Eric Bana

Eric Bana (born Eric Banadinovich; 9 August 1968) is an Australian film and television actor. He began his career as a comedian in the sketch comedy series Full Frontal before gaining critical recognition in the biopic Chopper (2000). After a decade of critically acclaimed roles in Australian TV shows and films, Bana gained Hollywood's attention by playing the role of American Delta Force Sergeant Norm 'Hoot' Gibson in Black Hawk Down (2001) and the lead role as Bruce Banner in the Ang Lee directed film Hulk (2003).

An accomplished dramatic actor and comedian, he received Australia's highest film and television awards for his performances in Chopper, Full Frontal and Romulus, My Father. Bana performs predominantly in leading roles in a variety of low-budget and major studio films, ranging from romantic comedies and drama to science fiction and action thrillers. His most popular films include Black Hawk Down (2001), Hulk (2003), Troy (2004), and Munich (2005).


Early life and family

Eric Bana was born in Melbourne, Australia, the younger of two children. His Croatian father, Ivan, was a logistics manager for Caterpillar, Inc., and his German-born mother, Eleanor, was a hairdresser. Bana grew up in Melbourne's Tullamarine, a suburban area on the western edge of the city, near the airport.

Showing acting skill early in life, Bana began doing impressions of family members at the age of six or seven, first mimicking his grandfather's walk, voice and mannerisms. In school, he mimicked his teachers to get out of trouble. As a teen he watched the Mel Gibson film Mad Max (1979), and decided he wanted to become an actor. However, he did not seriously consider a career in the performing arts until 1991 when he was persuaded to try stand-up comedy while working as a barman at Melbourne's Castle Hotel. His stand-up gigs in inner-city pubs did not provide him with enough income to support himself, so he continued his work as a barman, clearing tables.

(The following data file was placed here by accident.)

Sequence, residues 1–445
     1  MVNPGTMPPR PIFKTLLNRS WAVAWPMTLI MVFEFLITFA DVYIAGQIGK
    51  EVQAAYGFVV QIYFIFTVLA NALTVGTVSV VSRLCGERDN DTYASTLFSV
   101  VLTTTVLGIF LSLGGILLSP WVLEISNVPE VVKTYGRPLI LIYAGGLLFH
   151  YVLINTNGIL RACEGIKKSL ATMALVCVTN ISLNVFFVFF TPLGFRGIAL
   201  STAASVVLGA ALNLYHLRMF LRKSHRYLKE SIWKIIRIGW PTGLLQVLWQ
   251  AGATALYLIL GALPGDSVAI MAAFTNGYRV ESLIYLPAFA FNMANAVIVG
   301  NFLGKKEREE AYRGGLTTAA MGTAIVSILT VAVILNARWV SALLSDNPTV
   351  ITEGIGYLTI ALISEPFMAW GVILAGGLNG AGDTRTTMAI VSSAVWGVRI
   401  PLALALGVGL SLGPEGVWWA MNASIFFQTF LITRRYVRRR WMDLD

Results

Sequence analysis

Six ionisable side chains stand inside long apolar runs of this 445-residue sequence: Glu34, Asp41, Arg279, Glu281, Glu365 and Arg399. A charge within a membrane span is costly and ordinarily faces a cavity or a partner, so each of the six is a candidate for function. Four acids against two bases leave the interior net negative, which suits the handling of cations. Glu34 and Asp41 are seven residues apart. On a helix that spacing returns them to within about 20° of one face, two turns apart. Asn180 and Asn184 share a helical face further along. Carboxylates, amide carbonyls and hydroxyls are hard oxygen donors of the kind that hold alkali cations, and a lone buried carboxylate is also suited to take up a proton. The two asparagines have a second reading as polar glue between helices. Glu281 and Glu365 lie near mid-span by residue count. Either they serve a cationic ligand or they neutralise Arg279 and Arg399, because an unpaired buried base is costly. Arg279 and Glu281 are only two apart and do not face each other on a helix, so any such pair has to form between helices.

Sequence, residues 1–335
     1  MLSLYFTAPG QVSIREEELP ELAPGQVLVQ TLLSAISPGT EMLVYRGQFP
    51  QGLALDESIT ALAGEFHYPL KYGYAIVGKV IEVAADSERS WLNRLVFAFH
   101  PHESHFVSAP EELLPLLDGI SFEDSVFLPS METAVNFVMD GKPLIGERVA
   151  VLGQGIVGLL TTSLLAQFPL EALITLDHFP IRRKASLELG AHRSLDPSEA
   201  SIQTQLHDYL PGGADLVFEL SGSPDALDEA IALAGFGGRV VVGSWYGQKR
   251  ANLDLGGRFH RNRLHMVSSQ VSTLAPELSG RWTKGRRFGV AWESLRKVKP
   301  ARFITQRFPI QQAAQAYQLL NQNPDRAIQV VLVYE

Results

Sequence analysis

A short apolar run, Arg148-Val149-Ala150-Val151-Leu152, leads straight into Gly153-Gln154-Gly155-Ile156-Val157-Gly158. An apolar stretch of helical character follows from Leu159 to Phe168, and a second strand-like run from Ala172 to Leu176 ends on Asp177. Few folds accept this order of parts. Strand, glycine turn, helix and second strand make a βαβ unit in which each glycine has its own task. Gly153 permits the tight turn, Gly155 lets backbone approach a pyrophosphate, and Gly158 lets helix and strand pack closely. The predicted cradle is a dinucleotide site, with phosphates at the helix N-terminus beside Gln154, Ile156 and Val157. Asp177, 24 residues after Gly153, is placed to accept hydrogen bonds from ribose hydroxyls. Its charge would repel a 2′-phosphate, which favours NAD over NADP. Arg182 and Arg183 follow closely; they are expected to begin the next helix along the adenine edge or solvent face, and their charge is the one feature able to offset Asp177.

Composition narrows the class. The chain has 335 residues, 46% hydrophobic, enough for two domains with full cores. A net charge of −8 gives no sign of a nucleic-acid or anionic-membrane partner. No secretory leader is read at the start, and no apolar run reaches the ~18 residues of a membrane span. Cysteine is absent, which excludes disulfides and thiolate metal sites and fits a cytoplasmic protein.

In 1993, Bana made his television debut on Steve Vizard's late night talk show, Tonight Live. His performance gained the attention of producers from the sketch comedy series, Full Frontal, who invited him to join the show as a writer and performer. During his four years on the show, Bana wrote much of his own material, and based some of his characters on members of his family. His impressions of Columbo, Arnold Schwarzenegger, Sylvester Stallone, and Tom Cruise made Bana popular with the show's audience. This success led to his own television special titled Eric in 1996. The show, a collection of sketches featuring everyday characters, prompted him to launch a sketch comedy series The Eric Bana Show. The series, written and performed by Bana, featured skits, stand-up and celebrity guests, but failed to attract a substantial audience and was cancelled after only eight episodes due to low ratings. Even so, in 1997, he received a Logie Award for "Most Popular Comedian" for his work on the show.